Number Nine's graphics card uses a dual graphics pipeline and dedicated digital path from the graphics card to the display, delivering superior image quality and consistency for smooth video-conferencing, full-screen MPEG video, professional applications or game development.
NVIDIA Quadro FX graphics boards feature the industry's only true 128-bit floating-point graphics pipeline for millions of colors in a broad dynamic range, stunning visual quality, and the highest degree of accuracy.
The Wildcat VP500 VPU includes the first deployment of 3Dlabs' patent-pending Slipstream(TM) graphics technology that significantly boosts the rendering efficiency of a standard graphics pipeline through advanced visibility culling and spatial cache optimizations.
The NVIDIA Quadro FX 600 PCI features the industry's only true 128-bit floating-point graphics pipeline providing images with millions of colors in a broad dynamic range, stunning visual quality, and the highest degree of accuracy.
Current 3Dlabs products support the AMD Athlon MP processor with optimized drivers to accelerate the 3D graphics pipeline between the processor and the Wildcat graphics card.
The NVIDIA Quadro FX 700 features the industry's only true 128-bit floating-point graphics pipeline for millions of colors in a broad dynamic range, stunning visual quality, and the highest degree of accuracy.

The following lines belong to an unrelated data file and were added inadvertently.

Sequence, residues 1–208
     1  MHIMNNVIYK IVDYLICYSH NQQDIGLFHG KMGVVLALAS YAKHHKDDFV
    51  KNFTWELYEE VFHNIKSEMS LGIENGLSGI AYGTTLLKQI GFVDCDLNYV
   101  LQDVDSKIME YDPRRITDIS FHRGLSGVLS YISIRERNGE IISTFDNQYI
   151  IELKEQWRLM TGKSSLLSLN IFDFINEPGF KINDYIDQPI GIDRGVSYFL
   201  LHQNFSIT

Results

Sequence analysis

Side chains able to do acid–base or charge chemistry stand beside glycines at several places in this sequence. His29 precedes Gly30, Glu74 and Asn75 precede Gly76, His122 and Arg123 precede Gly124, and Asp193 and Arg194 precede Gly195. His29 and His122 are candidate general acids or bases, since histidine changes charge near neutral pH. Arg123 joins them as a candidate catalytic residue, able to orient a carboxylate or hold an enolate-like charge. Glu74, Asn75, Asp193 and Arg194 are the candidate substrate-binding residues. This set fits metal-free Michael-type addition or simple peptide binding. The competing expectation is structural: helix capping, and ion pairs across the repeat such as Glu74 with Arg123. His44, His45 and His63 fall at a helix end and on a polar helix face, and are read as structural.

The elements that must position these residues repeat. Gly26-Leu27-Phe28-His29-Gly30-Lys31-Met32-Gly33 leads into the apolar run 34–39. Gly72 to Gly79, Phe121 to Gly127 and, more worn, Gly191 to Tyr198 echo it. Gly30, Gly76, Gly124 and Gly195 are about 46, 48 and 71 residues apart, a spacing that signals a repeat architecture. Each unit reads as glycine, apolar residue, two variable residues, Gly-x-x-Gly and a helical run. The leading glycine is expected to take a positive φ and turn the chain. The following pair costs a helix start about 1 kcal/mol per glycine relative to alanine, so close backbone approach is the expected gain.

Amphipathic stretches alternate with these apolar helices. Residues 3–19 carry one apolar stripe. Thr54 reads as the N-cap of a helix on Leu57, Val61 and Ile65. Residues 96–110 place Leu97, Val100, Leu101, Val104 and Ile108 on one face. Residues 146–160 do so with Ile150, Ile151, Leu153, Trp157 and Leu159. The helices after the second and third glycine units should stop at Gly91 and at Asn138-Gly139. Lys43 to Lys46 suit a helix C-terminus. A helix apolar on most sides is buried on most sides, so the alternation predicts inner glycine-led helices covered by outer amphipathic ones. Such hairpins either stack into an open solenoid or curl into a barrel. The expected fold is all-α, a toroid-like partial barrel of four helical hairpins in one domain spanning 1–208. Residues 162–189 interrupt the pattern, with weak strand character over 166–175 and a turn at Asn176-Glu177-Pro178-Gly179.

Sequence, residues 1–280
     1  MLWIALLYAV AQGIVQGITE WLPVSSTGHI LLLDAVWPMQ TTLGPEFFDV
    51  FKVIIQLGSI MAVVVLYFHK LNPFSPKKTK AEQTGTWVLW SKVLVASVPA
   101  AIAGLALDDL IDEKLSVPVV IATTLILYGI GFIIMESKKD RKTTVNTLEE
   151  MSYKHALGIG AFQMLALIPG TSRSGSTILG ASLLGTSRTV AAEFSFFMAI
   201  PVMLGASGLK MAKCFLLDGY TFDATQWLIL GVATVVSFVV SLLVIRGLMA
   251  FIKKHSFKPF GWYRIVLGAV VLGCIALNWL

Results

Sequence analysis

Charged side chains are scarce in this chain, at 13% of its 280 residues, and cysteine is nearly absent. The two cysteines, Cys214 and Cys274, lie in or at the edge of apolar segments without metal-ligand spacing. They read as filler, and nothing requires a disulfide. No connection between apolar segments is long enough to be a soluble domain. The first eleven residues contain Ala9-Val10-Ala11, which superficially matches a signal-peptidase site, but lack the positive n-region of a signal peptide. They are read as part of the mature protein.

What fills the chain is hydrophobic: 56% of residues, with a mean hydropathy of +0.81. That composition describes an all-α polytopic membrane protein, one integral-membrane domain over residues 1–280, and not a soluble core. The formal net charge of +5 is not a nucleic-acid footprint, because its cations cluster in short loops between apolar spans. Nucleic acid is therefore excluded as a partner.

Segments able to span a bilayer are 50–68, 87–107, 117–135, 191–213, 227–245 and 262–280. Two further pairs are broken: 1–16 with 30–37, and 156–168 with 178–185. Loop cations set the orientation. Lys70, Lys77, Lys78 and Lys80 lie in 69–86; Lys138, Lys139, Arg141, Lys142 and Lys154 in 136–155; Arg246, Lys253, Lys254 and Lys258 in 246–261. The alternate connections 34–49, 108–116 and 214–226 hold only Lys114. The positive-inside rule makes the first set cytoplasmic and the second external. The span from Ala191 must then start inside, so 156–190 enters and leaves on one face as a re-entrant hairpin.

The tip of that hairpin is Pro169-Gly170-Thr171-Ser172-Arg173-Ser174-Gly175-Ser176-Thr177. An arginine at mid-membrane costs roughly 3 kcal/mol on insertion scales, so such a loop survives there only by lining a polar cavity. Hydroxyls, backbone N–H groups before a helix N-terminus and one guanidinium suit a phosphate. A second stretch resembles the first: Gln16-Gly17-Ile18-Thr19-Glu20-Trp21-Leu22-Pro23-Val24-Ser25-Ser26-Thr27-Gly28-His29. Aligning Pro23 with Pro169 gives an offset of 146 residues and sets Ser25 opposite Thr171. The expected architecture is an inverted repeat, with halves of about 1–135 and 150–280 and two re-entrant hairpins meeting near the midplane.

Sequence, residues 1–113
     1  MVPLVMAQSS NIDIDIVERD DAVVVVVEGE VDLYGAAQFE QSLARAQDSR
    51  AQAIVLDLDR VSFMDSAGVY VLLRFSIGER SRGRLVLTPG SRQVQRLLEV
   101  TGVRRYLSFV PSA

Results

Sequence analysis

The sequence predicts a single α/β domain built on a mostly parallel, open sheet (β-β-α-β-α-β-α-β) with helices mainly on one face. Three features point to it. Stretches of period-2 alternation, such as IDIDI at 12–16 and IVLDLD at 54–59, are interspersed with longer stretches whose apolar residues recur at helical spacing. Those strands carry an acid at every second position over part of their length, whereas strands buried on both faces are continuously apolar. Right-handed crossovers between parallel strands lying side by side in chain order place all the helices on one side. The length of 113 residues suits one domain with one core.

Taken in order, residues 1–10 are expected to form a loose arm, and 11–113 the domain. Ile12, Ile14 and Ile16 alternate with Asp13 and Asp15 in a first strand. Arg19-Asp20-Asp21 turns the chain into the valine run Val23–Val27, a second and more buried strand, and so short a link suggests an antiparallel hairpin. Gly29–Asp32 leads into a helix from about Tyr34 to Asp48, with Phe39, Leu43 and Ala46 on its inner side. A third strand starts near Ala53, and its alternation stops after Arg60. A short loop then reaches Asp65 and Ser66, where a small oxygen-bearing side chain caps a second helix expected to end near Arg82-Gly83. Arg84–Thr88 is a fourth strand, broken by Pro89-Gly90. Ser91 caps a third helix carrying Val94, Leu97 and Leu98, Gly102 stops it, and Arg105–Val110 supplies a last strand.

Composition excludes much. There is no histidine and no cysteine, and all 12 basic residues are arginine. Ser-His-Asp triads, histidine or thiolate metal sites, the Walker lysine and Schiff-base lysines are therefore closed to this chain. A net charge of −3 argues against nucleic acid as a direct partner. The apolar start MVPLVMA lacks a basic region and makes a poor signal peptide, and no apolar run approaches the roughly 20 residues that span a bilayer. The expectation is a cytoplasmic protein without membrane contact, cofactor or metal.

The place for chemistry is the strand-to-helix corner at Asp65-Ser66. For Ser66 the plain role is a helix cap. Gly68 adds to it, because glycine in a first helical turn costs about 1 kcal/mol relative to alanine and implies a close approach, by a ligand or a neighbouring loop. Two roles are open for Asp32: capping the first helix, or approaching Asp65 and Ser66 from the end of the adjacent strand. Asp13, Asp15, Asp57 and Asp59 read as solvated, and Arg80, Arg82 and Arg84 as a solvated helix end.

3Dlabs' Visual Processing Architecture implements an optimized graphics pipeline, replacing previously inflexible pipeline stages with highly programmable SIMD (single instruction, multiple data) processor arrays.
The NVIDIA Quadro FX 700 by PNY Technologies also includes: -- The industry's only true 128-bit floating-point graphics pipeline for millions of colors in a broad dynamic range, stunning visual quality and the highest degree of accuracy; -- 12 bits of sub-pixel precision to ensure the elimination of sparkles, cracks and other rasterization anomalies; -- Hardware antialiasing, which eliminates the visual impact of "jaggies" in 3D models; -- Multiple clip regions increases transfer speed between color buffer and frame buffer; and -- NVIDIA's Unified Driver Architecture that makes large-scale system deployment and unattended installations easy.